There have been few studies characterizing endemic non-B HET epidemics. In contrast to that observed for MSM and IDU epidemics, studies on HET populations show infrequent clustering and low cluster size. This would suggest that TasP would not have as dramatic an impact on reducing transmission. The Botswana study suggests a potential benefit of TasP for extended high viraemics .
It is important to recognize that phylogenetics define viral networks that are not necessarily synonymous to sex networks and individual-level risk. There is mixing of high and low-risk populations having high and low awareness of status [112,181]. Data from the Montreal SPOT rapid testing site show that although seropositivity was related to casual partnerships, cluster membership and size of cluster was related to poor testing habits. It has been estimated that 7–20% of MSM infections may be acquired abroad, contributing in part to unique transmissions [24,182].
Testing, treatment and other prevention interventions require major public health commitments. The integration of phylogenetic, epidemiological clinical and demographic data will be important in delineating the role of linkage to care, behaviour, socioeconomic factors and migration on transmission dynamics . Universal genotyping of all newly infected persons could provide critical information needed to reconstruct underlying structures of local epidemics necessary for the design and evaluation of control interventions. Baseline resistance profiles could assess transmitted resistance and guide HIV-1 management. Molecular phylogeny strategies could help elucidate the role of disease stage and virus-specific determinants in transmission dynamics [128,129,132,133]. This analysis is particularly important for the design of cost-effective treatment and prevention combinations in resource-poor settings.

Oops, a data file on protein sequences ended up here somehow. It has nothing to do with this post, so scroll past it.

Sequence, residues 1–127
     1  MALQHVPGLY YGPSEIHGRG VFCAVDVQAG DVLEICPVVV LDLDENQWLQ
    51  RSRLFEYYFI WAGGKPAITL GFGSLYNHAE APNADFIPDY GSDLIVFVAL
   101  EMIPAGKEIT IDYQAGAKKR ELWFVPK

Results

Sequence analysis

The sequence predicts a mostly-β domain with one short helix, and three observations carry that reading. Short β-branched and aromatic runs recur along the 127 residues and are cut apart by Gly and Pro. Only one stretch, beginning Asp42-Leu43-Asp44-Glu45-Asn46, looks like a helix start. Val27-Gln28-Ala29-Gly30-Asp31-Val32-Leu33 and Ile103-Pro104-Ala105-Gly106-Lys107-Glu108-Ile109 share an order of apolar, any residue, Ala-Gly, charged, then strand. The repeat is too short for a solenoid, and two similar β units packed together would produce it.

Whereas early stage infection may dominate in regional settings having universal access to healthcare and ART coverage, significant contributions of chronic stage infections may be related to socioeconomic factors, including lower awareness of status and poor linkage to care and treatment [115,116,183–186]. Phylodemographics can be of importance in surveillance of the rise MSM epidemics among young adults (13–29 years) and racial/ethic minorities [109,184,187]. Phylogenetic inferences of local epidemics may assist in the design of targeted educational campaigns and prevention policies for distinct HIV-infected populations.